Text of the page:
Ultra-Orthodox Brothers Bring Brazil’s Capoeira to Israel
Nearly 200 people have signed up to train at their Bnei Brak dojo
Yossi Eilfort, the 22-year-old ultra-Orthodox rabbi turned Mixed Martial Arts fighter, seems to be sparking a trend.
Two Israeli brothers, Miki, 24, and Yehuda Hayat, 20, hailing from the ultra-Orthodox community of Bnei Brak near Tel-Aviv, have taken up the Brazilian martial art of Capoeria, and are teaching others in their community. Capoeria, a martial art dating back to the 16th century, combines dance, acrobatics, and music to create an intensive, full-body experience. It was developed by slaves who used the intricate dance moves to disguise their true motive: learning how to fight.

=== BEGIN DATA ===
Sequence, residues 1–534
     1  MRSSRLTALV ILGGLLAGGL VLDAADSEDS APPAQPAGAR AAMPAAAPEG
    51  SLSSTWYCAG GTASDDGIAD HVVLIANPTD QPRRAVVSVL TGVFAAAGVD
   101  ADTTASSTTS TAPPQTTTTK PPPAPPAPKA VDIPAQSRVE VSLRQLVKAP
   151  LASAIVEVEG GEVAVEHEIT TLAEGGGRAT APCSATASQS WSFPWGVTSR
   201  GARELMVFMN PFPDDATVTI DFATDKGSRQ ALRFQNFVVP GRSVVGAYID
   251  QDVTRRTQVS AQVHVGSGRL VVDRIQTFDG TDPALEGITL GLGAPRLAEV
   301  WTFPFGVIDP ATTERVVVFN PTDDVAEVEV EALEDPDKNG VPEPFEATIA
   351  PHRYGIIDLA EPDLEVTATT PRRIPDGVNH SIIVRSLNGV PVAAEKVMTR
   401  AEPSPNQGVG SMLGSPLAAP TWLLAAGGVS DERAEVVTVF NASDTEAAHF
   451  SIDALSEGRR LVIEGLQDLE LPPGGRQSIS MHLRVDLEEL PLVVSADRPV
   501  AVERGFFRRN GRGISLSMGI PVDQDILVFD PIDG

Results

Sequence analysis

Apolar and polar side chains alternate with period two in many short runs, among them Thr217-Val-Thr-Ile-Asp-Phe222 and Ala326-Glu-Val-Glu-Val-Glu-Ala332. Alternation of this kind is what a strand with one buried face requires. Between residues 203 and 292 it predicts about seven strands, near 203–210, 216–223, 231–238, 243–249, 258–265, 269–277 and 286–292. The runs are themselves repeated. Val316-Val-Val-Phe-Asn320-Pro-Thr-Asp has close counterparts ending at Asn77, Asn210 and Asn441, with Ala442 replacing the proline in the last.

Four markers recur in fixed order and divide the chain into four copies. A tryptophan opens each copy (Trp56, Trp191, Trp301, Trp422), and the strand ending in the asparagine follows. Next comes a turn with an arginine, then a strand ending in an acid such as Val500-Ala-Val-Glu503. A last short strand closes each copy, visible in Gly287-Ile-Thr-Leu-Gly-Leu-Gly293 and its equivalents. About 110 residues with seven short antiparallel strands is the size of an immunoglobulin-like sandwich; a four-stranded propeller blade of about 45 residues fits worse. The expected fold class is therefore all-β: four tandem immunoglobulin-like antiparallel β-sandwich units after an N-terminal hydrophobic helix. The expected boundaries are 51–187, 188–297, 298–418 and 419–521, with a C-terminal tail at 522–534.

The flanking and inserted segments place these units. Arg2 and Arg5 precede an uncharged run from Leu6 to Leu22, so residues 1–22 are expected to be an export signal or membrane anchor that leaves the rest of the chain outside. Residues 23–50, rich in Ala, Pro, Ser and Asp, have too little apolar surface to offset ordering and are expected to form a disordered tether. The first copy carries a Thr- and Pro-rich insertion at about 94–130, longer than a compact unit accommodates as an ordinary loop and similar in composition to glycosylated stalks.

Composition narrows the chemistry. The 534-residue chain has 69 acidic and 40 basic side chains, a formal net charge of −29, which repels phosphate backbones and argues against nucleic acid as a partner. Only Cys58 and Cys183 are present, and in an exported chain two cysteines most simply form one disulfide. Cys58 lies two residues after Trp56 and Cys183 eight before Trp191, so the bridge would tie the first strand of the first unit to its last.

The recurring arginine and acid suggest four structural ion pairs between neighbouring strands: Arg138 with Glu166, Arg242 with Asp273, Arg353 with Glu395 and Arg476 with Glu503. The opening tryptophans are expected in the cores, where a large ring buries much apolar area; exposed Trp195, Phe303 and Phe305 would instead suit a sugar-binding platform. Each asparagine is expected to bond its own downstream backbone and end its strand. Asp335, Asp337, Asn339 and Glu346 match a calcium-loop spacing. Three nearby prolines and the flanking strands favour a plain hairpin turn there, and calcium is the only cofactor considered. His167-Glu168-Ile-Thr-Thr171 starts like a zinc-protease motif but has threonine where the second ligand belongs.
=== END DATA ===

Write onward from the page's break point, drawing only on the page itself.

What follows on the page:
The Hayat brothers have set up a dojo, or training room, in Bnei Brak in order to teach their ultra-Orthodox brethren how to flip, kick, and spin. Nearly 200 men have signed up already.
Whether this new unconventional pastime will cause a stir in their insular ultra-Orthodox community remains to be seen, though it’s not likely. Martial arts, designed for self defense, is designed to be artful rather than aggressive, an athletic outlet more than a way to simply fight.
The fringes of their tzitzit flying as they jump and flip in the air throughout Jerusalem, the Hayat brothers are certainly changing things up.
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